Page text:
judicial dealing as conducive to final mercy appears to be such as this. It is the

doctrine of the whole Epistle that salvation is to be attained by man’s renouncing

his own imagined righteousness, and submitting himself to the righteousness of

God. It conduces to this end that his ajpeiqei>a (unbelief) should have its course

and consequences; so that, conscience being at length awakened, he may long

for deliverance from his hopeless state, and appreciate the offered salvation

(see ch. 7). So the Gentile world was long shut up in its self-induced, but

also judicial, ajpeiqei>a (Romans 1:18, seq.); that, “the wrath of God”

being at length revealed to it from heaven, the “righteousness of God”

might also be revealed to it and laid hold of. In like manner God deals now

with the Jews, who still persist in going about to establish their own

righteousness instead of submitting themselves to the righteousness of

God. He shuts them up for the present in their ajpeiqei>a, to the end that at

length, after their long judgment, and stirred up by the fullness of the

Gentiles coming in, they may feel their need, and accept salvation. Tou<v

pa>ntav tous pantasupon all - in the concluding clause seems to mean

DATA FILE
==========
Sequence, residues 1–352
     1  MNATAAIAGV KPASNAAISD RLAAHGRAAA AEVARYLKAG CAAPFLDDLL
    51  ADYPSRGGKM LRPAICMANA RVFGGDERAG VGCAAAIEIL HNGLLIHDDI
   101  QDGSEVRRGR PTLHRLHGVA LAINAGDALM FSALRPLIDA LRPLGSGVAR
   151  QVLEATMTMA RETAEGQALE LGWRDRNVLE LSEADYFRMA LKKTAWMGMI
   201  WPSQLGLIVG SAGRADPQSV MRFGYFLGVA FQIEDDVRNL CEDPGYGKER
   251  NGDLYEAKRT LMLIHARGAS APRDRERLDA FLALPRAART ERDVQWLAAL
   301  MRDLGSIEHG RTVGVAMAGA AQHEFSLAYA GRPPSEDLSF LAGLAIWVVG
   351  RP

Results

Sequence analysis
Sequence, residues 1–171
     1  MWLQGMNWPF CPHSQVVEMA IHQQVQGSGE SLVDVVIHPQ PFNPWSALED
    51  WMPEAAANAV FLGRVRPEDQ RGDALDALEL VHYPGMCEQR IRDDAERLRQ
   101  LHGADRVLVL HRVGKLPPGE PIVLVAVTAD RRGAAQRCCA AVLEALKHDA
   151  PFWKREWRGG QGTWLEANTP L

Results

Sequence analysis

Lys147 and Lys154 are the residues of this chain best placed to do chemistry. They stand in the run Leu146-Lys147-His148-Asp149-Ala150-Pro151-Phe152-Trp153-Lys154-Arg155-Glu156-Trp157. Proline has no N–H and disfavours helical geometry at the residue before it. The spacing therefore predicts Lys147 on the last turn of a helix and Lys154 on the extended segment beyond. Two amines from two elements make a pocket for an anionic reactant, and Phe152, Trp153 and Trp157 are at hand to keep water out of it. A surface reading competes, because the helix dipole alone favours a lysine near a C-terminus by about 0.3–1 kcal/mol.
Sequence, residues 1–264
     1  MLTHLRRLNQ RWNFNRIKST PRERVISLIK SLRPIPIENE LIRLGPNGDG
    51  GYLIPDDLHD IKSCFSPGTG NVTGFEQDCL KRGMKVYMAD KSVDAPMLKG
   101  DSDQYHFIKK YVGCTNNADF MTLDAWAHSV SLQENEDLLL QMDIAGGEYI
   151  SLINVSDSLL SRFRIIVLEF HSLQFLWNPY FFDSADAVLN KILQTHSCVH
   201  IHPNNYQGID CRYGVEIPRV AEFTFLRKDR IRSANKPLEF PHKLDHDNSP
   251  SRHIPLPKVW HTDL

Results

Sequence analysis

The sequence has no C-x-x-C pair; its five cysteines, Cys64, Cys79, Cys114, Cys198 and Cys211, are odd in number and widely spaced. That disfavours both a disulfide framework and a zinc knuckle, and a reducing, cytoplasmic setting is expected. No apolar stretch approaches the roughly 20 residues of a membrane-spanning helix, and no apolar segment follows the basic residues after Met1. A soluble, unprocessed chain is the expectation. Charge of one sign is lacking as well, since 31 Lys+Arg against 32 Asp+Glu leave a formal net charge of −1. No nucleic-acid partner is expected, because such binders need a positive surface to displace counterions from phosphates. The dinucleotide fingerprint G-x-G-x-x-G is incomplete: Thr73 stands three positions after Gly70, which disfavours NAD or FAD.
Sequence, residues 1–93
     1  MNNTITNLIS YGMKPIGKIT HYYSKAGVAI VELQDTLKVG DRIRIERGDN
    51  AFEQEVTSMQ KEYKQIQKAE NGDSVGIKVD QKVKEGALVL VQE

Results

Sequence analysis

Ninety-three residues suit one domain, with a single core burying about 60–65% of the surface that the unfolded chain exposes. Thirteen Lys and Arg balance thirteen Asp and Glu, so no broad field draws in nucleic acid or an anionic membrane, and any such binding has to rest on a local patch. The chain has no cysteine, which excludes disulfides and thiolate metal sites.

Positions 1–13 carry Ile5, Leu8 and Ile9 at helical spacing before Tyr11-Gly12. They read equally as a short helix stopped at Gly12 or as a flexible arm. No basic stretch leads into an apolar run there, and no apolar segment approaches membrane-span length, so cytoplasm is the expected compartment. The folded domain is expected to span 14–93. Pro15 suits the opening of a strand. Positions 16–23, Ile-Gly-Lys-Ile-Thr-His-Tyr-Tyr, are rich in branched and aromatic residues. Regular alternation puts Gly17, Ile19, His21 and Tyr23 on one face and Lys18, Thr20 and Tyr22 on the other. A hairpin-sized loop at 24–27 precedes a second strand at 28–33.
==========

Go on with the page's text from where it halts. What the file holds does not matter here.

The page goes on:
generally all mankind, Jews as well as Gentiles; and i[na tou<v pa>ntav ejleh>sh|

(that He might have mercy upon all) - as swqh>setai (shall be saved)

was understood above with respect to “all Israel,” as suggested by the

context and the general drift of the chapter) God’s embracing all races of

mankind at last in the arms of His mercy by calling them into the Church.

Thus the latter expression is not in itself adducible in support of the

doctrine of universalism. Certainly the prospect of a universal triumph of

the gospel before the end rises here before the apostle in prophetic vision;

and it may be that it carries with it to his mind further glories of eternal

salvation for all, casting their rays backward over all past ages, so as to

inspire an unbounded hope. Such a hope, which seems elsewhere intimated

(I Corinthians 15:24-29; Ephesians 1:9-10, 20-23; Colossians 1:15-20,

would justify the glowing rhapsody of admiration and thanksgiving that follows

more fully than if we supposed the apostle to contemplate still the eternal

perdition of the multitudes who in all the ages have not on earth found mercy.